|Going to use that in a lesson. Ta.|
End of the English language as we know it • Page 5
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Oh are you a teacher?
FWB wrote:Fuck the sole use of the past simple in preference to having the option of both. Fuck it right in the ear.
Here's another one for you... research shows that the present perfect is fading with the younger British generations, in favour for American usage of the past simple.
I like the present perfect, but then I would. But it's a major pain in the arse for learners, particularly those whose first language has no perfect aspect. If they aren't taking an IELTS, FCE et al then they can forget about it for most of the time.
Edited by FWB at 17:09:28 28-08-2013
You can express what you need to uing the past simple, sure, although there are nuances that you might lose. However it feels far more natural to me to use a mixture of the two, as Roy Batty does in the Tears in Rain soliloquy.
FartPipe 5,316 posts
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Alastair wrote:I sometimes use deffo if it's the same meaning.
Do they also remove expressions that were added that have since fallen out of favour?
I'm sure def was added back in the 80s - do people still say def?
MrSensible 26,511 posts
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I have absolutely no idea what is going on in here now...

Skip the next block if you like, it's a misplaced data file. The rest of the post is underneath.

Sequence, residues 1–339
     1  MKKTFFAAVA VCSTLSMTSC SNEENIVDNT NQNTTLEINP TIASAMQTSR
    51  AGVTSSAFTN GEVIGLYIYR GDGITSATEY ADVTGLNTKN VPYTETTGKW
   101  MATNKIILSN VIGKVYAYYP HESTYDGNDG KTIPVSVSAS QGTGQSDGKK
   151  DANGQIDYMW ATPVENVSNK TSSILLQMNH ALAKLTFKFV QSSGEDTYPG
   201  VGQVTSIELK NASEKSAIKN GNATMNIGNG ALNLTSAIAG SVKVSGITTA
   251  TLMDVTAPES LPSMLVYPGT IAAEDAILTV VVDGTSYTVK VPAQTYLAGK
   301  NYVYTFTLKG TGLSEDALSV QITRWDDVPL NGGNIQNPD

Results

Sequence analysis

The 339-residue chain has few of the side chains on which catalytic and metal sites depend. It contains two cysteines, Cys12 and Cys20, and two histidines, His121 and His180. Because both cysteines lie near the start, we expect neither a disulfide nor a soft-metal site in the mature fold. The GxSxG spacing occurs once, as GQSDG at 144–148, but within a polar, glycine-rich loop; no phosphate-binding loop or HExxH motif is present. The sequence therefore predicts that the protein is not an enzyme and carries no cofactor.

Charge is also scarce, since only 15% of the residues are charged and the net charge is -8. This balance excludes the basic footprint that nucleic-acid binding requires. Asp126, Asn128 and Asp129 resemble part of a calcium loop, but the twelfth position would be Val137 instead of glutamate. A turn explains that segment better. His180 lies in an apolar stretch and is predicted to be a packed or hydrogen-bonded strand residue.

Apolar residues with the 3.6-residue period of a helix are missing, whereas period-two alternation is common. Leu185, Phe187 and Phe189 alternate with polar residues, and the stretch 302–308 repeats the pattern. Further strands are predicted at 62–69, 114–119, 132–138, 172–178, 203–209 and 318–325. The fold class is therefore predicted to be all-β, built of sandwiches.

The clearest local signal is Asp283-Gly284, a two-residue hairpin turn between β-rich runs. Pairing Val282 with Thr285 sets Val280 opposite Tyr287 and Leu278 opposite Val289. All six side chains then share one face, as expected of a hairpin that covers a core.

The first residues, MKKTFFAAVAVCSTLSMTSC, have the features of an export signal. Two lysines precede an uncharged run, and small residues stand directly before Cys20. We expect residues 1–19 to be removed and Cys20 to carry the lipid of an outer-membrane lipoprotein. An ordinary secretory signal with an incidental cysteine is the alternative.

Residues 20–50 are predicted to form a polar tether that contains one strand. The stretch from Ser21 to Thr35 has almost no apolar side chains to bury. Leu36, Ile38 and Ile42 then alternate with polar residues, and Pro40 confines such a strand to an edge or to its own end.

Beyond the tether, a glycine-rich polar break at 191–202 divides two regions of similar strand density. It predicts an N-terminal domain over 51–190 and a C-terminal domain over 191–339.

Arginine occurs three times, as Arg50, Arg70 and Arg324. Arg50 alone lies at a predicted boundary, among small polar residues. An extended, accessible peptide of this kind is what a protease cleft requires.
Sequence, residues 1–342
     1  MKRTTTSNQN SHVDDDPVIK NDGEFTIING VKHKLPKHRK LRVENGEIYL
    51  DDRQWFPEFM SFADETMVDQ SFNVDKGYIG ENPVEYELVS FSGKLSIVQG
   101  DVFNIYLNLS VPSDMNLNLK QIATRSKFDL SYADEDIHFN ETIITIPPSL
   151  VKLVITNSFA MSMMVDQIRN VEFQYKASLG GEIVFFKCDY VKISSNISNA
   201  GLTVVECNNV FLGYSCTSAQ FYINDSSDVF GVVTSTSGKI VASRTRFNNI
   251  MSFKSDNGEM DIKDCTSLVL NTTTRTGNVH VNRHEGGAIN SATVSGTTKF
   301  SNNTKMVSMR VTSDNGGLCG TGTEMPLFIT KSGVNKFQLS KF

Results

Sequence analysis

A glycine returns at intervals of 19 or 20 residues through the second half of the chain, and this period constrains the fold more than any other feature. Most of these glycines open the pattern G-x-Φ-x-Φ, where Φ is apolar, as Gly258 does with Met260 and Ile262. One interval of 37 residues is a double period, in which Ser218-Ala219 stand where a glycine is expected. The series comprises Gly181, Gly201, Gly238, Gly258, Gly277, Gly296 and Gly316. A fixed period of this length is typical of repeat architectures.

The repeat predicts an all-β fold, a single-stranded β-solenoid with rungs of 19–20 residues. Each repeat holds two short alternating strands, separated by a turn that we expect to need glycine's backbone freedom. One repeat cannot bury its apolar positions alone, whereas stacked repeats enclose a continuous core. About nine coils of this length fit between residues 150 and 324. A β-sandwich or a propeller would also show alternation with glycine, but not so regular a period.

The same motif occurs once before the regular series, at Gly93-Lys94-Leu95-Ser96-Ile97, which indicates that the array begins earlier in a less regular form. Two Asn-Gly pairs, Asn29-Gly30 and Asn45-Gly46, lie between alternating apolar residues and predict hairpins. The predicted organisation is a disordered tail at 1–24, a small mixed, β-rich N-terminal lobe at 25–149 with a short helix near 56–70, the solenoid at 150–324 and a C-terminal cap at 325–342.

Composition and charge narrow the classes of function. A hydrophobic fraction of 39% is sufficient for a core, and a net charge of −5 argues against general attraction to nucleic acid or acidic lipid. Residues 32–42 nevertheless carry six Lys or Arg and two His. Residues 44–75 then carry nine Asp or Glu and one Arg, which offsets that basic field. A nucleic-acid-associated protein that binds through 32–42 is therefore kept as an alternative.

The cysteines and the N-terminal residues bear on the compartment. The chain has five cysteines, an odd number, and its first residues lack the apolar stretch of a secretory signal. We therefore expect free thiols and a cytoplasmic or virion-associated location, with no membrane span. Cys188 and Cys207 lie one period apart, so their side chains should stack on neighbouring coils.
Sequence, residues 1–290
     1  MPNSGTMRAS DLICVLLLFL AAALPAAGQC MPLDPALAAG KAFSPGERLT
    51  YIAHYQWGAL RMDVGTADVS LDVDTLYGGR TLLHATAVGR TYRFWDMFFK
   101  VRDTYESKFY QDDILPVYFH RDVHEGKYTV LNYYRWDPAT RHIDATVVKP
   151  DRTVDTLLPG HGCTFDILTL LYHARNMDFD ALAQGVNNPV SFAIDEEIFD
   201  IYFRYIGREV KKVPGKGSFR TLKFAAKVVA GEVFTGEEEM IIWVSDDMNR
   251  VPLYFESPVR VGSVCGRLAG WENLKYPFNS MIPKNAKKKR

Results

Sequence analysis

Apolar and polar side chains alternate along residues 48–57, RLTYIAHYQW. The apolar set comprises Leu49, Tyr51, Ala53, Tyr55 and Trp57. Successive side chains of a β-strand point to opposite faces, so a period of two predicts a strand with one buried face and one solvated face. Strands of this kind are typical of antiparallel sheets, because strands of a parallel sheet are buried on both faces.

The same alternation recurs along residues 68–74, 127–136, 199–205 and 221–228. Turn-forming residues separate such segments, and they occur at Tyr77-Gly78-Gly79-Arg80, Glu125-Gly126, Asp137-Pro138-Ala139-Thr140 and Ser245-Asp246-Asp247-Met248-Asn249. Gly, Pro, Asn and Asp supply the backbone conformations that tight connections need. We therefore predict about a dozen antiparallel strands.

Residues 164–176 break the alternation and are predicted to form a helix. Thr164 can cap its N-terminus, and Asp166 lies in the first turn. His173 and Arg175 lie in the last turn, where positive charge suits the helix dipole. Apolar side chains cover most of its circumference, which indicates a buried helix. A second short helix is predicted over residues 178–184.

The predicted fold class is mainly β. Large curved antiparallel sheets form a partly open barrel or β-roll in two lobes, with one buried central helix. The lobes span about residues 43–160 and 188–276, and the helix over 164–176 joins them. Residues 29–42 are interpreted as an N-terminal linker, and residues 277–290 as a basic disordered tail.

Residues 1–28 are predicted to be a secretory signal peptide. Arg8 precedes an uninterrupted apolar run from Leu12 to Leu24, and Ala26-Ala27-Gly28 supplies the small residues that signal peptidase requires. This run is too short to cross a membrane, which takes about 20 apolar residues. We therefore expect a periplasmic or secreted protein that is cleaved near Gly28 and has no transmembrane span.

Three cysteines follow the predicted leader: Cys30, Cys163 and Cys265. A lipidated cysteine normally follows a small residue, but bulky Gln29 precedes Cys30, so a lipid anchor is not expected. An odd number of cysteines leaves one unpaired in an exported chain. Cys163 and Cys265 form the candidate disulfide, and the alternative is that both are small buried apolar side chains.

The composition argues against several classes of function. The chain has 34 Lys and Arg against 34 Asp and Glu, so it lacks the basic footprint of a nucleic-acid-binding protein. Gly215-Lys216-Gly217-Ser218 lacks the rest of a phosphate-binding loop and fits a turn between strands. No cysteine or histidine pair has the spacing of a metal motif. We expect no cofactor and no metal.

I would feel stupid, but I'm so baffled that I'm not sure how to feel any more.
Quick grammar question:
"A qualified and versatile administrator who is experienced at providing support to..."
Should that be at or in?
Also should I get rid of the who is and just a comma instead?
Edited by Razz at 22:33:28 03-11-2013
I'd use "at" with the adjective and "in" with the noun.
You can remove the "who is". It'd be a reduced relative clause. Reads better.
Edited by FWB at 22:35:19 03-11-2013
@FWB Thank you
mal 26,999 posts
Seen 2 hours ago
Registered 15 years ago
You could also switch the verb 'experienced' with the noun form 'with experience' and then it's definitely 'in', as in: A qualified and versatile administrator with experience in providing support to...
Telepathic.Geometry 12,402 posts
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mal wrote: You could also switch the verb 'experienced' with the noun form 'with experience' and then it's definitely 'in', as in: A qualified and versatile administrator with experience in providing support to...Classic native-speaker ninja dodge there mal.
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